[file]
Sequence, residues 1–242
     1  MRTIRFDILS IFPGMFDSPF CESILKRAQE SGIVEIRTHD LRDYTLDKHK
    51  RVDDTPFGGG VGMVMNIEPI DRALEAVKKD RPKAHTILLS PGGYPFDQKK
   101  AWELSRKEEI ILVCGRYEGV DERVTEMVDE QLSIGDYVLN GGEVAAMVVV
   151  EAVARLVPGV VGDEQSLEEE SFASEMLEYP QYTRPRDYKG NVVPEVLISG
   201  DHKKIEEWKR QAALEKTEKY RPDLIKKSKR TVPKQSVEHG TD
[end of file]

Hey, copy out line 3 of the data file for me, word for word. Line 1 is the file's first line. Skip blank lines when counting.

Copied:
    51  RVDDTPFGGG VGMVMNIEPI DRALEAVKKD RPKAHTILLS PGGYPFDQKK